The Chicago Cubs of Racing

By John McEvoy -- America's greatest boxing writer, the late A.J. Liebling, used to comment after watching yet another up-and-coming pugilistic "phenom" take his lumps from a seasoned practitioner of the "sweet science" that "tradition packs a nasty wallop."

Well, tradition packs that same wallop when applied to geldings in the Kentucky Derby (gr. I). Looking ahead to May 3, we can only hope that any sexually modified Derby candidates will keep their guard up. Nearly three-quarters of a century of failure adds up to a notable "wallop," indeed.

What is it with this "not since Clyde Van Dusen" stuff? Clyde Van Dusen (the only Derby winner to be named for his trainer) was the last of seven geldings to run away with the roses. He won the Derby in 1929. The question arises: Have geldings become to the Kentucky Derby what the Chicago Cubs (last appearance: 1945; last victory: 1908) are to baseball's World Series?

Clyde Van Dusen's win was achieved with the help of some deft pre-start maneuvering by his jockey, Linus "Pony" McAtee, an opportunist of the first order. McAtee's mount had drawn No. 20 in the 21-horse field, but this was in the days before the gate was in use, when walk-up starts were still the rule, and in the course of the 13-minute delay while the Churchill starter worked to get the horses in line, McAtee was very busy. Sidling and pushing like a bargain hunter at a yard sale, McAtee managed to move his mount over to the middle of the pack by the time the horses were finally dispatched. Emerging from his more advantageous post position, Clyde went to the lead after the first quarter-mile and never looked back.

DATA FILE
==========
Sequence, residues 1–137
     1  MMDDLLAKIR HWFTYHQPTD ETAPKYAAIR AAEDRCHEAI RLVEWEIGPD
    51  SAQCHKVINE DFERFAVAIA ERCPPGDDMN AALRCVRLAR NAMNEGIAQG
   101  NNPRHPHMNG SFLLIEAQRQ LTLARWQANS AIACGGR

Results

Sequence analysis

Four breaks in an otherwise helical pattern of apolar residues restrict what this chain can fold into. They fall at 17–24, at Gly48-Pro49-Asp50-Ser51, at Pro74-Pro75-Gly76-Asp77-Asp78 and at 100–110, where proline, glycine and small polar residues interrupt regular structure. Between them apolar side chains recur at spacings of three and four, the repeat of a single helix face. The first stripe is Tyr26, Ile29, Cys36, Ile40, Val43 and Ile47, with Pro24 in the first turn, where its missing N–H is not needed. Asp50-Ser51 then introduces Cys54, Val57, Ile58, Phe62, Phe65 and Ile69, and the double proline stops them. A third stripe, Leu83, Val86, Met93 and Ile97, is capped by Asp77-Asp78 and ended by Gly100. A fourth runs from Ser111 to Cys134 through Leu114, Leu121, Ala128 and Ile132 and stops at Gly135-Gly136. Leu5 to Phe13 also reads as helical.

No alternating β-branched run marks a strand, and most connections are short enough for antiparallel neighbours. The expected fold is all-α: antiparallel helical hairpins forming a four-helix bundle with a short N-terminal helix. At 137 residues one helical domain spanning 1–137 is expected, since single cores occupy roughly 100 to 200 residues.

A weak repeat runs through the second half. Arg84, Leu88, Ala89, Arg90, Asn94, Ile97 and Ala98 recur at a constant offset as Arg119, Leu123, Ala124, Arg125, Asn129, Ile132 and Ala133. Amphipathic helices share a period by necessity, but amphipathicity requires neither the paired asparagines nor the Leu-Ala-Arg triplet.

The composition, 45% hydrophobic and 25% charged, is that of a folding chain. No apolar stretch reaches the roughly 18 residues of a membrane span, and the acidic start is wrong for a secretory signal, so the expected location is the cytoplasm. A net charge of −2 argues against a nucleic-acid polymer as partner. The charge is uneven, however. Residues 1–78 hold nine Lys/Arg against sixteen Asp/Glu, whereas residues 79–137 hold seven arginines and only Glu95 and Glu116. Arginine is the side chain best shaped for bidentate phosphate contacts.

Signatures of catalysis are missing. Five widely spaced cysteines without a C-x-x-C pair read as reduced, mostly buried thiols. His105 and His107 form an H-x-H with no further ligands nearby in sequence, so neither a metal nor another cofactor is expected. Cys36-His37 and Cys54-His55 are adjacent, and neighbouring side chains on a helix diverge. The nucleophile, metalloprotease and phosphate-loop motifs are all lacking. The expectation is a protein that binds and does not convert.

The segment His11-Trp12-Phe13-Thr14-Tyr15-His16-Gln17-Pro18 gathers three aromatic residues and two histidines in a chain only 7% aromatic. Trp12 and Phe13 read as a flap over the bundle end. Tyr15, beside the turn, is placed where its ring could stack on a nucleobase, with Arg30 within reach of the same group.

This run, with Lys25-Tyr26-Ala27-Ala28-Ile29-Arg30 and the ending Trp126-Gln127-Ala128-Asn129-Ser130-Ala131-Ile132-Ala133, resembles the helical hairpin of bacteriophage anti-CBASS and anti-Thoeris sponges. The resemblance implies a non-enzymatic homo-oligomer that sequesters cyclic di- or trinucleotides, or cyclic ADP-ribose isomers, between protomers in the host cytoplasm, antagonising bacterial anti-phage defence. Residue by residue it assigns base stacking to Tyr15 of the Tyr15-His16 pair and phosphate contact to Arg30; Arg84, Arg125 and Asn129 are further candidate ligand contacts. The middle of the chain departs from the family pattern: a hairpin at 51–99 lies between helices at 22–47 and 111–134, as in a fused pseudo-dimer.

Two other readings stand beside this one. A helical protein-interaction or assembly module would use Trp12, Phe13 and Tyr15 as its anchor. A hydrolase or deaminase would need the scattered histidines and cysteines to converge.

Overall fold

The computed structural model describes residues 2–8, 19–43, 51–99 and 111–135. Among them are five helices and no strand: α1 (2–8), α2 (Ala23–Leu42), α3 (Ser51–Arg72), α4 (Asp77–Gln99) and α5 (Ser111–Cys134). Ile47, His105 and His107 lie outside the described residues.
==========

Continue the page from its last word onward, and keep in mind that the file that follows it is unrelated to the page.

There were good geldings prior to Clyde Van Dusen that got it done in the Derby. Three of the earliest Derbys were won by geldings: Vagrant (1876), Apollo (1882), and Macbeth II (1888). Old Rosebud set a Derby record when he galloped to victory in 1914. And the great Exterminator counted the 1918 Derby among his 50 career triumphs. Paul Jones (1920) preceded Clyde Van Dusen into the Churchill winner's circle.

There have been some near misses since 1929. In 1996, Cavonnier was nailed right on the wire by Grindstone, losing by a nose, and turning Bob Baffert's hair a paler shade of white. Other recent runner-up finishes by geldings were turned in by Prairie Bayou in 1993 and Best Pal in 1991.

And among the more than 100 gelded Derby losers were two eventual Horses of the Year: Forego and Roman Brother. Forego had the misfortune of coming along in Secretariat's year, 1973, when Big Red hung up the Derby record that still stands. Roman Brother, coincidentally enough, lost his Derby to Northern Dancer, who in 1964 set the mark that Secretariat would shatter.

Both Forego, who was voted Horse of the Year for three straight years, 1974-76, and Roman Brother, thus honored in 1965, broke tardily in their respective Derbys. Could there be a gelding-related explanation for their delayed departures?

One theory about slow-breaking geldings was offered years ago by the comedian Buddy Hackett. Like his show business colleagues Shecky Greene, Joey Bishop, and Jan Murray, Hackett was a friend of Chicago horse owner Joe Kellman, who delighted in naming horses after his show business pals. Honoring Hackett, Kellman came up with The Hack.

Kellman's Shecky Greene became the sprint champion of 1973 and later a productive sire. In sharp contrast, The Hack was gelded. In an interview with a New York newspaper, Hackett roguishly explained that this operation had been necessitated by The Hack having a powerful sex drive--much like his own.

Did he win more races after that? Hackett was asked.

"No," Hacket said, "it didn't work out. He'd lose too many lengths at the start of the race. The Hack would hear something so embarrassing that it made him freeze up. He was a horse with sensitivity, so he'd just stand there, mortified. When the gates opened and the other horses would spring out, he'd always hesitate and then he'd have a hard time catching up to them."

Hackett's interviewer, a racing neophyte, then innocently inquired, "What was it that The Hack heard?"

Replied Hackett, "He would hear the track announcer shout out, 'They're off!' "

John McEvoy is a freelance writer based in Chicago.